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It’s no secret that today’s schools are full of assessments — so much so that one of the main goals of the new Every Student Succeeds Act is to “reduce the burden of testing while maintaining annual information for students and parents.” One way to gather data without giving yet another test is to use what researchers Valerie Shute and Matthew Ventura call “stealth assessment.” They originally applied the term to video games, but to me it’s any method of unobtrusively monitoring students’ knowledge, skills and attributes. Here’s how stealth assessment has helped me learn things about my students that I would never see on a test.
I teach sixth-grade life science and eighth-grade earth science at Andover Middle School in Kansas. My class sizes range from 20–29 kids, but I often combine classes with my sixth-grade science colleague, so we work together with 40 to 60 kids at one time.
Each child comes with different learning styles and learning abilities. This year, I have two students with autism, one student who uses a cochlear implant, several students with significant learning disorders, and a large number of students with ADHD.
To help me connect with these large groups of diverse students, for the past four years I have used an audio system that allows me to address the full class or talk to and listen to small groups through pods placed around the room. This setup gives every student the chance to shine, and allows me to be in more than one place at a time.
I have had groups of one to eight use the pods depending on what outcome I am wanting. My favorite part is being able to work with one group and while listening to another group across the room discuss a topic. I feel this experience really gives me a true, uncorrupted view of what my students are thinking and discussing. Students naturally want to share; they just might not want to share with the whole class. I can discover what my students know and don’t know just by listening in.
For example, while working on our Cell Project this week, I clicked into a pod and heard two partners discussing cell walls. One student was trying to say that animals have cell walls; the other student, who is very shy, was trying to explain that cell walls are only in plants. I was able to click into their conversation, give the student who was correct positive reinforcement, and help the other student by reminding them how cell walls work like Legos — all while I happened to be at another table working with another group holding an organelle. Being able to listen in and respond in seconds made the world of difference for these students.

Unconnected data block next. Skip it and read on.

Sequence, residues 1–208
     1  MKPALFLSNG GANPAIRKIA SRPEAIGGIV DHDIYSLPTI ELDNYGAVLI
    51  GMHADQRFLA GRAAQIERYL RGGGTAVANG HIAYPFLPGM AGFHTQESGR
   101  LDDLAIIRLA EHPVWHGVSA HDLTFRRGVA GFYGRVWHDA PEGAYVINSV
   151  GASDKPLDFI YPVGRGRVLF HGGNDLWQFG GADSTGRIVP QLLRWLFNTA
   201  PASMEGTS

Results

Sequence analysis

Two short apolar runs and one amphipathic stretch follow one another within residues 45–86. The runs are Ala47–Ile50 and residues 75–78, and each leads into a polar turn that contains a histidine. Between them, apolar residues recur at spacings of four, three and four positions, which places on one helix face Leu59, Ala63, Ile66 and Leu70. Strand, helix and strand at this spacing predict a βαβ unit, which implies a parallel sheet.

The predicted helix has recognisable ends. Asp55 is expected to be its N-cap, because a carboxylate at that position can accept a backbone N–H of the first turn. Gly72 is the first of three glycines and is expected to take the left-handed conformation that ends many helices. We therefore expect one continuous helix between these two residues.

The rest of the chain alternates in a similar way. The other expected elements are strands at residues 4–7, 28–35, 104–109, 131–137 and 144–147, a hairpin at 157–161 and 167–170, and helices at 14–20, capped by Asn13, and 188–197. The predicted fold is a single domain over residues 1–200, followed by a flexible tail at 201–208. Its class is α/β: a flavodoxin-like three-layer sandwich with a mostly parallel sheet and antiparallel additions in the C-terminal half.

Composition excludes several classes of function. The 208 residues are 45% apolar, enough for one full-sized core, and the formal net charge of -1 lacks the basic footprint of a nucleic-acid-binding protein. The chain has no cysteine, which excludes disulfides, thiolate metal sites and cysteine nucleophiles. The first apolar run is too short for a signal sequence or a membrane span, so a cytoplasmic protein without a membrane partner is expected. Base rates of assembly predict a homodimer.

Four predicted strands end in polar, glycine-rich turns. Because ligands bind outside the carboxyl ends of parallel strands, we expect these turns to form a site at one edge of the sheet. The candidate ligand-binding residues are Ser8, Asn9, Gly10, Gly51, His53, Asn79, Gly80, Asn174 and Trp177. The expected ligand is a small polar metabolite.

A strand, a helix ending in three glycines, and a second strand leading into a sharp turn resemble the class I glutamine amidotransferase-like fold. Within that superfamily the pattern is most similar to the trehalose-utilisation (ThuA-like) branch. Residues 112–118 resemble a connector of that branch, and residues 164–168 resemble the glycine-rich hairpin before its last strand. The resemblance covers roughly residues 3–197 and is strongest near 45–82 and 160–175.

I also love to catch my students shining. This year I have a student who is an introvert and a perfectionist, who has had to frequently move from school to school. When she speaks, even if she is standing right next to me, I have to ask her to repeat herself because her voice is so quiet. In a traditional classroom, her personality and her voice would be lost. But by listening in to her small-group work, I have been able to really help her see that she has wonderful ideas and a high level of understanding.
Earlier this year, I had one of my students with autism tell another student in his group, “I remember this idea. Mrs. Friend told me she was proud of me in the black thing (pod) when I got it.” This was a student who took charge of his learning, but without the pod I might have missed that chance to tell him he “got” that concept. From that day on, he has worked harder for me than he has in any of his other classes.
With our age group of kids, many want to be seen, but maybe not heard. Many kids are just scared to raise their hand and answer or voice their opinions. It’s my job to make sure they feel very comfortable in my classroom. Students like knowing that they are being heard, and with my stealth assessment system, I know that my chances of hearing them increase exponentially.
Andrea Friend teaches sixth- and eighth-grade science at Andover Middle School in Kansas. She has used Lightspeed’s Flexcat system for four of the 11 years she has taught.
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